MINISTRY OF WORKS, HOUSING AND COMMUNICATIONS

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THE REPUBLIC OF UGANDA





MINISTRY OF WORKS, HOUSING AND
COMMUNICATIONS










NATIONAL INFORMATION AND

COMMUNICATION TECHNOLOGY POLICY






















OCTOBER 2003

National ICT Policy


1

FOREWORD

It has been established that information is a key factor for any development
process. In light of the catalytic role that information plays in national
development, government has set up a policy framework to ensure optimum
utilization of this resource tow
ards socio
-
economic development. For
government to implement the long term national development programmes like
the Poverty Eradication Action Plan (PEAP), the Plan for Modernization of
Agriculture (PMA), and others, timely and relevant information must b
e available
at all levels of implementation. Developments in Information and
Communication Technology (ICT) have dramatically changed the way information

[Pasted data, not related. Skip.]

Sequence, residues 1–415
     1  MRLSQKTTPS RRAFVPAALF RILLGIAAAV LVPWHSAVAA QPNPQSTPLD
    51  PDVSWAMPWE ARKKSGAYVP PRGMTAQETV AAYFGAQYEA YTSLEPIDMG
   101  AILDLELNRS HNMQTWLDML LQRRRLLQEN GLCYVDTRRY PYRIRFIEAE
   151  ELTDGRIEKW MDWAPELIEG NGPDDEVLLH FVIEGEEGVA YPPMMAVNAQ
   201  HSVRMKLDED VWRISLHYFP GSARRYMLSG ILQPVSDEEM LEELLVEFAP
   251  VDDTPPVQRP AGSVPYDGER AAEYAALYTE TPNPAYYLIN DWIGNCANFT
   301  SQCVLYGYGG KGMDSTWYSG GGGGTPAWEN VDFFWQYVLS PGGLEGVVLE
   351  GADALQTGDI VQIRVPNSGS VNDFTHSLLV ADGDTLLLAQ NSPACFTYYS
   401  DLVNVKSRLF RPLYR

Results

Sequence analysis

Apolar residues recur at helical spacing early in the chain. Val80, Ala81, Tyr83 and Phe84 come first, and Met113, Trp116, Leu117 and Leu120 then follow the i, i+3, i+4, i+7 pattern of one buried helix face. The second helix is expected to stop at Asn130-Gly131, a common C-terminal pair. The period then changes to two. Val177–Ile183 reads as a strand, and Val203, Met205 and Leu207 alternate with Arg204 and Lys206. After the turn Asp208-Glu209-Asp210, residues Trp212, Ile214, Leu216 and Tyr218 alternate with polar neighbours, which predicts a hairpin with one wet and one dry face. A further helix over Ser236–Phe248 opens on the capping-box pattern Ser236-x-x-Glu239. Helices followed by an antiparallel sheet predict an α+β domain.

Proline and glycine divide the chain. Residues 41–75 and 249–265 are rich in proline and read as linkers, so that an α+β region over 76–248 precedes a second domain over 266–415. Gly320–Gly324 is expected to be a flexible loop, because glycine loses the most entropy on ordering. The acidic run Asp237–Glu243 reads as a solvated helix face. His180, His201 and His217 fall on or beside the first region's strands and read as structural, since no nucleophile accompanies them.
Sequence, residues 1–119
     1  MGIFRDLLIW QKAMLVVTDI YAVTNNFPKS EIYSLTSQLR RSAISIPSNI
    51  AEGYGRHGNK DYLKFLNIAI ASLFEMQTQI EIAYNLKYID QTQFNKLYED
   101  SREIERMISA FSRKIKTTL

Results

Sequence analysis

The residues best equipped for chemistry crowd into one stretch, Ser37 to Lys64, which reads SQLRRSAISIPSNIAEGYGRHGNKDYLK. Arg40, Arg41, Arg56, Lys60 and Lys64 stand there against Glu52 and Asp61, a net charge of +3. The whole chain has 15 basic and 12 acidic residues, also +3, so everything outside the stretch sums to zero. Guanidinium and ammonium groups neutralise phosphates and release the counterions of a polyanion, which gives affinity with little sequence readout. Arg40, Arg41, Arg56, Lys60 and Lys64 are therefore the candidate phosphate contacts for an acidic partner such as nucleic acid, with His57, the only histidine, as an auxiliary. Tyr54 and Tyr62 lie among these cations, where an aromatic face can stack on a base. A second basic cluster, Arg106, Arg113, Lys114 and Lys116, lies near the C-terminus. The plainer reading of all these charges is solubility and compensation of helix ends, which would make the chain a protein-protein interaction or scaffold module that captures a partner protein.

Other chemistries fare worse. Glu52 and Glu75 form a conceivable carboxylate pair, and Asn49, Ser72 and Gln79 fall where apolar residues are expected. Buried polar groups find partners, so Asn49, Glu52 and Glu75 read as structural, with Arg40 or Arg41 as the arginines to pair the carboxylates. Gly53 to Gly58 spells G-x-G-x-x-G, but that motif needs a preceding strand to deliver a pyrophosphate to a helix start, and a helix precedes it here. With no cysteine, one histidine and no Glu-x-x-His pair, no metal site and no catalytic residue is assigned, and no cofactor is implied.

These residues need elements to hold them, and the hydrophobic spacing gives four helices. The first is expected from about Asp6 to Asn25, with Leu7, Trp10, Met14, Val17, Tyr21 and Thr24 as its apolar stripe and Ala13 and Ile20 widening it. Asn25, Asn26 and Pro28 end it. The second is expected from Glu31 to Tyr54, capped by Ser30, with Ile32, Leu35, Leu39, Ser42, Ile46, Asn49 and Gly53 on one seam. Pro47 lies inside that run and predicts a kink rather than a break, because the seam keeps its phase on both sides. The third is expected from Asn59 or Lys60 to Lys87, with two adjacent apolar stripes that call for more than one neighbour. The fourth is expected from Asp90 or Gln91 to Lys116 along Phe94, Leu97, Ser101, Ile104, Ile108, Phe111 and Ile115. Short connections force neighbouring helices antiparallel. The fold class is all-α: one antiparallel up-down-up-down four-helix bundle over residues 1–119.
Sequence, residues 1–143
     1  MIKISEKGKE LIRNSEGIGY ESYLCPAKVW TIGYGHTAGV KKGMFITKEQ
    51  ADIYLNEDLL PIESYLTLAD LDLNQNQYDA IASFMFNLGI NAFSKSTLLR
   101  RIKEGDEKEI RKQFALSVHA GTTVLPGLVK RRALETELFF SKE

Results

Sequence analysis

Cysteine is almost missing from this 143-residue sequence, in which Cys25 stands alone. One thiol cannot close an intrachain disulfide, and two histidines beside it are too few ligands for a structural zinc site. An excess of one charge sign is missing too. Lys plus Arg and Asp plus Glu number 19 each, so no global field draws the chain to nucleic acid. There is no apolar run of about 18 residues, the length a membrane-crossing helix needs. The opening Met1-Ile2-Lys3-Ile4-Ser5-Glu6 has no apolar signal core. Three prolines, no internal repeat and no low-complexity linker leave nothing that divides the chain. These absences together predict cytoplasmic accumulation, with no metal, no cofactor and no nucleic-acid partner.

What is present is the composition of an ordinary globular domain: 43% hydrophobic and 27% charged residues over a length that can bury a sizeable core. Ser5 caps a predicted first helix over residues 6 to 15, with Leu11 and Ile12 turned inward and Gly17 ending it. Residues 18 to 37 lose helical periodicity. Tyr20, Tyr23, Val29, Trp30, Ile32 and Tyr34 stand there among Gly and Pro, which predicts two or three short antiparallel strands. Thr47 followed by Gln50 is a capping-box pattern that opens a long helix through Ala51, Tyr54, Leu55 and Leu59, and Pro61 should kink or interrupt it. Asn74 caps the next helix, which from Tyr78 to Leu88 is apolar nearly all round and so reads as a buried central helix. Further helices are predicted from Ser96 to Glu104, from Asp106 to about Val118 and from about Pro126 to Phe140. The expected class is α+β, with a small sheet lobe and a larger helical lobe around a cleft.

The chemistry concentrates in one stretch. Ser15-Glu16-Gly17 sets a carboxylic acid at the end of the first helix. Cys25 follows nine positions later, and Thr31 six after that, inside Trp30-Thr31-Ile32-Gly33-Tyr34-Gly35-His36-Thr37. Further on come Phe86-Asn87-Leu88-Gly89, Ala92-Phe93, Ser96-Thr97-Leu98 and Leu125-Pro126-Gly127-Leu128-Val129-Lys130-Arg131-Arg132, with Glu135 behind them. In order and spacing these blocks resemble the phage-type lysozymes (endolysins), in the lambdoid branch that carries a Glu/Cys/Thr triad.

is collected, stored, processed, disseminated and used, thus making it the most
powerful tool for mode
rnization and development.

There are three areas of focus in the ICT Policy:

(a)

Information as a resource for development,

(b) Mechanisms for accessing information,

(c) ICT as an industry, including e
-
business, software development and


manufacturing.


The policy recognizes that the three areas are not mutually exclusive. Rather, the

new ICT have led to convergence between the media and telecommunications.
For instance, on a multi
-
media computer system, one can read online
newspapers and
other publications, watch television stations and listen to
various radio stations as well as getting a wide variety of information from
different websites.